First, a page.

Don’t NAG your family, instead NUDGE them towards better nutrition
As I was writing this column, my husband came home from a bike ride and opened the pantry and then the fridge. I know he was after potato chips, but instead ended up munching on a ready-made plate of veggies and dip. Nutrition nudging was at work.
While there is no exact definition for nutrition nudging, you experience “nudging” every day from a wide range of marketers and advertisers in just about any type of business you can think of. The sales tactic of nudging involves making an item look appealing or easy to grab. The key with nudging is to walk the fine line of not being so subtle the cue to make a decision is lost and not being too forceful that the cue to make a decision repels.
If you are the health leader of the family and have struggled to sell the benefit of a healthy diet to your significant other or kids, you may have been met with resistance and limited success. Instead of trying to nag or coax them to eat healthy, try the gentler and likely more effective approach of nutrition nudging.
One of the reasons change is hard is because we are wired to seek pleasure and repel pain. This concept, known as the pleasure principle, makes it hard to change a habit.
Expecting an unmotivated family member to take the time to chop up raw veggies for lunch or wake up earlier to eat a healthy breakfast is destined for failure. You may not like the fact that you need to chop extra veggies and prepare an extra breakfast, but you have removed one barrier in creating the path of less resistance.
The same goes for family members who adore junk food. It is very difficult to come into the kitchen and choose between fruit hidden in the fridge drawer or cookies in a jar on the counter. If you want them to eat the oranges or watermelon, then the cookies need to be out of sight and the watermelon and oranges need to be sliced and ready to eat.
Being wired to take the path of least resistance also means that one of the best ways you can support a family member with hard to manage sweet or savory foods that are frequently overindulged is simply buying smaller portions less often. This may sound like common sense, but I am often surprised how often someone who does not struggle with overeating will become frustrated when a family member can’t display the same level of willpower as they do.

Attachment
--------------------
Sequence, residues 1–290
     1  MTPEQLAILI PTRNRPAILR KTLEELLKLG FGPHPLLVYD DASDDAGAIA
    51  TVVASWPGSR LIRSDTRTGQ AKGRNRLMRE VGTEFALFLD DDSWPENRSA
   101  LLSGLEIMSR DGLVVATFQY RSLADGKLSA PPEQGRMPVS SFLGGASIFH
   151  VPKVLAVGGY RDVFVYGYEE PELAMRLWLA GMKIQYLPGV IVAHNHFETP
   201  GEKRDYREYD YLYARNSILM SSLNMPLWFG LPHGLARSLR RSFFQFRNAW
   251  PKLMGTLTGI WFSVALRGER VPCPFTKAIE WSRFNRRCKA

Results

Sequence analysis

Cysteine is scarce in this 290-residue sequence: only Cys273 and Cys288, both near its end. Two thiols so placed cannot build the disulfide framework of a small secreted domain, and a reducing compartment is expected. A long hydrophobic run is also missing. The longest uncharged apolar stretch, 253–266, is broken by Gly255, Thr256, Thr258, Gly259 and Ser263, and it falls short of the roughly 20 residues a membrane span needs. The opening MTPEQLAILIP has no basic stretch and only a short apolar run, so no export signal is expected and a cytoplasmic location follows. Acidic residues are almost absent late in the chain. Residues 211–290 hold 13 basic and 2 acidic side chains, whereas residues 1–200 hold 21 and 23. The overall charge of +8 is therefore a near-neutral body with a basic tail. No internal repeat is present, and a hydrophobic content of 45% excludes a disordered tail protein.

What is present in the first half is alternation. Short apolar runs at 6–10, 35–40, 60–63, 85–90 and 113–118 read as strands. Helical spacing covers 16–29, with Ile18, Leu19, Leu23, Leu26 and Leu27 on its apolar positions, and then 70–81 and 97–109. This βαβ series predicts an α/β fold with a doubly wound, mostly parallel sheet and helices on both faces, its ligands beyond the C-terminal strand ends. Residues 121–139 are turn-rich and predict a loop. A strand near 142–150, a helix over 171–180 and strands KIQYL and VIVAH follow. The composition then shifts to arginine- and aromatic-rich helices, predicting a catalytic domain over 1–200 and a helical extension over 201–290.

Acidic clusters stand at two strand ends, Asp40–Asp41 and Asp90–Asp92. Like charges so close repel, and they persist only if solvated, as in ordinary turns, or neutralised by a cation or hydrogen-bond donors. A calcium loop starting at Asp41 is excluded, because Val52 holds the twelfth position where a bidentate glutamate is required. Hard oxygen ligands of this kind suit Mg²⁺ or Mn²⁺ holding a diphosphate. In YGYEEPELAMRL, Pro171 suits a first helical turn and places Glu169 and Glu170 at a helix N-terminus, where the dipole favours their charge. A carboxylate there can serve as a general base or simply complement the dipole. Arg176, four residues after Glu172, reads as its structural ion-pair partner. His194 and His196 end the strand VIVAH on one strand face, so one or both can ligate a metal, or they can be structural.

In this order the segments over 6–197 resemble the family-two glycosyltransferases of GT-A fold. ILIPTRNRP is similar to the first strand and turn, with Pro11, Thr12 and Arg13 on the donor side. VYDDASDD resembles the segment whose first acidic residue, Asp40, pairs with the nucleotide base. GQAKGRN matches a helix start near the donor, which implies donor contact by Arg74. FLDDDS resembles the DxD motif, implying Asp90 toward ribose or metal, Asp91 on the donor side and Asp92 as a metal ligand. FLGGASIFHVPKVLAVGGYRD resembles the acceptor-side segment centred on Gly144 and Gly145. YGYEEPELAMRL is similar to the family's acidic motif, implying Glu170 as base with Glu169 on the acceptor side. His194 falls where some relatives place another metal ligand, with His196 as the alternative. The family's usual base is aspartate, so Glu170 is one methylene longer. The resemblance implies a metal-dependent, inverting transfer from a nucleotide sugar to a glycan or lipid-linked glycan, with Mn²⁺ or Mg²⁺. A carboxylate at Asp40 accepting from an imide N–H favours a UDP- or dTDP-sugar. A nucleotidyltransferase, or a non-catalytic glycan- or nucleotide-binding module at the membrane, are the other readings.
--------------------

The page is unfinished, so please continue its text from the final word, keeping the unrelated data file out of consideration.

As a chocoholic, married to a potato-chip-aholic, as a family we do best not stocking our pantries full of chocolate and chips. We also don’t choose to restrict these foods but instead buy these in package sizes that are designed to be eaten all at once (after all most of us eat packages not portions). Stockpiling family-size, two-for-one bulk packages would be grounds for frequent eating frenzies, that would be eaten more than necessary to satisfy a craving.
Keep in mind we are all subject to what researchers call sensory specific satiety, which means our senses (taste, smell and sight) get overwhelmed and numbed when we experience the same repetitive stimulus. This means that although it may be cheaper to buy a ten-pound bag of apples this week, it may limit the amount of fruit your family wants to eat this week. It may be more effective to spend a bit more on six different types of fruit at the grocery store to encourage your family to eat more fruit.
Our eyes are much more in charge of what we eat than our stomach. The more variety, often the more we eat. One of the reasons people commonly overeat at a buffet, for example, is due to the fact we love to sample a variety of things.
If you want your son or daughter to eat more vegetables at supper then be sure to offer two different types. More vegetables overall will be consumed if you offer cucumber slices and steamed peas with carrots than if you just offered steamed peas alone.
On the other hand, if you have a family member that needs to reduce the portion size of their supersized meat serving at dinner, lecturing them to eat less as they are dishing up will likely be doomed for failure. If instead you intentionally cooked and served a few ounces less (or cut off oversized portions and left these on the counter for lunch tomorrow instead of the dinner table) you may be far more successful achieving change.
While nutrition nudging does create more work and planning, it can be far more effective than nutrition nagging.
Article originally appeared in the Calgary Herald Newspaper
Need help with nutrition nudging in your home? Contact us about a personal nutritional counselling program to create strategies and tools to nudge your home towards better nutrition choices.